Outdoors

Park aiming to reward visitors

November 25th, 2014

Shenandoah National Park is looking to reward its visitors during the Thanksgiving holiday and winter months.

Gerald Almy: Mixing tactics can be productive

November 24th, 2014

I think most hunters have faced this dilemma a time or two. You enjoy sneak hunting bucks (also called still hunting). The weather’s cold and it’s nice to be up and moving around. The season’s winding down and you haven’t been seeing much from your tree stands.

Hitting the slopes

Horst Locher, manager of the Ski School at Bryce Resort, stands along this section of Red Eye trail on Friday in Basye. The resort has had favorable weather for snow making and will open today.   Rich Cooley/Daily

November 21st, 2014

Bryce Resort in Mount Jackson, VA will be opening its slopes one week early, according to a press release from the resort.

Hunting season

Strasburg's Mary Mason, 12, shot this 8-point buck with a muzzleloader.   Submitted photo

November 20th, 2014

Strasburg’s Mary Mason, 12, shot this 8-point buck with a muzzleloader. Submitted photo

Gerald Almy: Finding right group of does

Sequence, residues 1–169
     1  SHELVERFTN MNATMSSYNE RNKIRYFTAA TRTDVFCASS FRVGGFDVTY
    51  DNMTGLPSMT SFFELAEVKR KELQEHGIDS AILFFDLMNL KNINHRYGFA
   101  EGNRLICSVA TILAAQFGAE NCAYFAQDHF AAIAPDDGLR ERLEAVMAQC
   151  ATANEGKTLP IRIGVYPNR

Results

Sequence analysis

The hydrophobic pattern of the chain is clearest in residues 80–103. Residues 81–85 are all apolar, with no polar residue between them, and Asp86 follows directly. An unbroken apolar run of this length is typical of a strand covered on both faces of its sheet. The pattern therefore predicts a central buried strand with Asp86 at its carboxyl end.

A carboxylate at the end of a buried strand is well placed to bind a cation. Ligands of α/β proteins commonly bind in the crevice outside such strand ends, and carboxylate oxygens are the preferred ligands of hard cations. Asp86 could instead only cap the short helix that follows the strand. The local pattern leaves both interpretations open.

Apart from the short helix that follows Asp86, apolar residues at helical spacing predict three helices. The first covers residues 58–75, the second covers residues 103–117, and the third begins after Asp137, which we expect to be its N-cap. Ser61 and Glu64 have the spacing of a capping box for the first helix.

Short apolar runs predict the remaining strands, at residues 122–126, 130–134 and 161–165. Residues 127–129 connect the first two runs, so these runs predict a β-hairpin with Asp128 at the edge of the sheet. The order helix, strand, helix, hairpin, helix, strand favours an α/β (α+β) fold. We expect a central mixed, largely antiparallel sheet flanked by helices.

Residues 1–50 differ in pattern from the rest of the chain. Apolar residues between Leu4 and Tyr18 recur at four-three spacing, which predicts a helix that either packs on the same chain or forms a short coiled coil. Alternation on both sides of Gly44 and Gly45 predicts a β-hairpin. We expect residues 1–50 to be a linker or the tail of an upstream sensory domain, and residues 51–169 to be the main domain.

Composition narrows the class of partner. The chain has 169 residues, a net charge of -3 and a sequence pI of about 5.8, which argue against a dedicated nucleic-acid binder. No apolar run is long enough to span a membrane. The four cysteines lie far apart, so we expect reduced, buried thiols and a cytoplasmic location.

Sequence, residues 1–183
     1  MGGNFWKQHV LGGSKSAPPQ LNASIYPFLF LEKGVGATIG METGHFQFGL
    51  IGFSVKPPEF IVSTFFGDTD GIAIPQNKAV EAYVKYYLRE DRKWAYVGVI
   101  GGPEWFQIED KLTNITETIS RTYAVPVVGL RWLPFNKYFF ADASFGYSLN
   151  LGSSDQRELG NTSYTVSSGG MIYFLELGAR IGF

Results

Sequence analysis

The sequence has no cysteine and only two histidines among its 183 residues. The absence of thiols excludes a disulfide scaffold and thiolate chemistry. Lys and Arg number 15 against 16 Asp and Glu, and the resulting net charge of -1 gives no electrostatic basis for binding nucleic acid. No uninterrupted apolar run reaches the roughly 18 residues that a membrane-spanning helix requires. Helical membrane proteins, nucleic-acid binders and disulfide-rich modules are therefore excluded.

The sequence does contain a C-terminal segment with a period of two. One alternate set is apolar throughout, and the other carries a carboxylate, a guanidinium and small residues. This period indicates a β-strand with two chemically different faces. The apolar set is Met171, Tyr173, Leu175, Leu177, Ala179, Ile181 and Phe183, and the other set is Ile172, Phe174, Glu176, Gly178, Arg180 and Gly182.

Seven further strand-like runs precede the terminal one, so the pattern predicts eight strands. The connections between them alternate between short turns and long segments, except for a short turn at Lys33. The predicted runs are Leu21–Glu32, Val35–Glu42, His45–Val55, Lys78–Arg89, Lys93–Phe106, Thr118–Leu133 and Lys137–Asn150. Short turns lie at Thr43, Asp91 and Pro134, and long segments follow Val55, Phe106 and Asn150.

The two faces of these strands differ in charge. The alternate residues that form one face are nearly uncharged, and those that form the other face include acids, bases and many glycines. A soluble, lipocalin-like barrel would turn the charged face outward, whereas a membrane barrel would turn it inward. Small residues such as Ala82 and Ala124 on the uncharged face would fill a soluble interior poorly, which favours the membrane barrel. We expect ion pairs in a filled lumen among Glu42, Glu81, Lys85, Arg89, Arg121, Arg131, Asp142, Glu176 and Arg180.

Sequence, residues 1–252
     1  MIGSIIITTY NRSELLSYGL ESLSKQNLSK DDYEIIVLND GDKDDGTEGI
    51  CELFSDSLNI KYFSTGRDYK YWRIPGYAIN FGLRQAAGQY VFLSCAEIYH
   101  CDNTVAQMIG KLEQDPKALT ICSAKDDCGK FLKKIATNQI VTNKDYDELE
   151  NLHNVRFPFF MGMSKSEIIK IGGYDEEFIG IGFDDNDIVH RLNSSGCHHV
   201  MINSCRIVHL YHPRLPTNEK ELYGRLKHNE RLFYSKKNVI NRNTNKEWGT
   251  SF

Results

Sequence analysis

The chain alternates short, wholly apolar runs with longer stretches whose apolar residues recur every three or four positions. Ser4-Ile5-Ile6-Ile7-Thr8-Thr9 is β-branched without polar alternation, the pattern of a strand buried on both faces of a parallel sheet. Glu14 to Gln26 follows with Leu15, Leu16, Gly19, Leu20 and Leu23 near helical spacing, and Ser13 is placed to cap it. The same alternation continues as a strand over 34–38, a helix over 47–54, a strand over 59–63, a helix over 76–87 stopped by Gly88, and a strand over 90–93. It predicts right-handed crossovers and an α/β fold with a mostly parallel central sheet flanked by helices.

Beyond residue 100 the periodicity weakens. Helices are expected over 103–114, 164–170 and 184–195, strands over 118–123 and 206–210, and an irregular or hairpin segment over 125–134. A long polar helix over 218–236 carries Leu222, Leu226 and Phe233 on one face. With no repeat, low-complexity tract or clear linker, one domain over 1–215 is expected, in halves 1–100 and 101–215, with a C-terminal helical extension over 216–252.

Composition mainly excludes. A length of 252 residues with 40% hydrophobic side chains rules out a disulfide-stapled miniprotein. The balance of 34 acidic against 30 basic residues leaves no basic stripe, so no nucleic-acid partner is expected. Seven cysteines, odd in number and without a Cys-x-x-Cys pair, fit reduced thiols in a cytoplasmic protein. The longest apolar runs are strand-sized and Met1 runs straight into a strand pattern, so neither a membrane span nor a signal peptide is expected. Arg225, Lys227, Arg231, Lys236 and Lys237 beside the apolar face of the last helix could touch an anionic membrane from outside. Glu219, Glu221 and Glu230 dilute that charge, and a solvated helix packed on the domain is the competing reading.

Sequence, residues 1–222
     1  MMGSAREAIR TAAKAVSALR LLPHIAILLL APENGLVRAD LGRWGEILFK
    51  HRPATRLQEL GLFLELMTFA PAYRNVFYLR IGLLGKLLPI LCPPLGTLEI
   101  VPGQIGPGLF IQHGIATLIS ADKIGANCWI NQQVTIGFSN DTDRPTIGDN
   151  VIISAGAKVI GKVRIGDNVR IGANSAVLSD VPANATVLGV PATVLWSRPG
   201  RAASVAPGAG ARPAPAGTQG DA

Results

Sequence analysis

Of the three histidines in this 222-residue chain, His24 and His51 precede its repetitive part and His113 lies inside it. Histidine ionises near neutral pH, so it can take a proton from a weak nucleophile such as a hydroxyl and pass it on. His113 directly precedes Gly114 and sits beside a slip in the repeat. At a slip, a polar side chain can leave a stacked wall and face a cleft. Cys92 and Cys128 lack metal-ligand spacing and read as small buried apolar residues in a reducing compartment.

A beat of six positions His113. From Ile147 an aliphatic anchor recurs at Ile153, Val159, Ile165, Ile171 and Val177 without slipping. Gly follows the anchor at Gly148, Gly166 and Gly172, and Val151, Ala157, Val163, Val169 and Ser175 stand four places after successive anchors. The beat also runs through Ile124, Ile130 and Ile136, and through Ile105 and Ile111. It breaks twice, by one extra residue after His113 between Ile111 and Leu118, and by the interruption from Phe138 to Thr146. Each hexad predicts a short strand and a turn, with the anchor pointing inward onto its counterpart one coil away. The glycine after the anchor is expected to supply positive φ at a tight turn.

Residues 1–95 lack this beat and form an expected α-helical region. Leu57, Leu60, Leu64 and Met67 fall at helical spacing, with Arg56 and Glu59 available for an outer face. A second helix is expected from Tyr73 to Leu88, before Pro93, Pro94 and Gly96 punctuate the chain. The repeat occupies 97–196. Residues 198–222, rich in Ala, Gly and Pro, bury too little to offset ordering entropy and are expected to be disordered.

November 17th, 2014

We’ve all read in articles that when the rut arrives, as it has right about now, you should hunt where the does are. But the truth is you need to find the right doe group.

Gerald Almy: Mating season doesn’t end hunt

November 3rd, 2014

Experienced deer hunters know that the best hunting for whitetails often takes place during the “pre-rut,” before peak breeding occurs. This is when deer seem to be moving everywhere, with bucks chasing does that are not quite ready to mate. The pre-rut typically coincides with the second week of muzzleloader season, which opens Nov. 1 and extends through Nov. 14 this year for most of the Shenandoah Valley.

Almy: Book evokes thrills of hunting

October 27th, 2014

Do you ever get tired of reading technical information about hunting? Although we all like to improve our skills and knowledge about our favorite activity, sometimes these articles can get a bit too detailed and cause the mind to drift.

Almy: Small creeks a buck hotspot

October 20th, 2014

Ponds and lakes offer deer the water they need every day, but streams provide whitetails a lot more than just water. They allow them to quench their thirst while also finding cooler temperatures and thick cover. This makes them terrific early-season hotspots that are often neglected by most hunters.

Almy: Windy weather hunting

October 13th, 2014

It was frustrating. Every bow season I wait for the perfect wind for my favorite stand to arrive, then drop everything and head out. It has to be west or north.

Almy: Classic lures remain effective

October 6th, 2014

Most fishermen like to choose the newest, snazziest lures available to cast to their quarry. But sometimes the old proven lures are still worth considering. Here’s a look at two lures that still produce heavy catches on Virginia’s lakes and rivers, even though they were created decades ago.

Almy: A clover blend worth trying

September 29th, 2014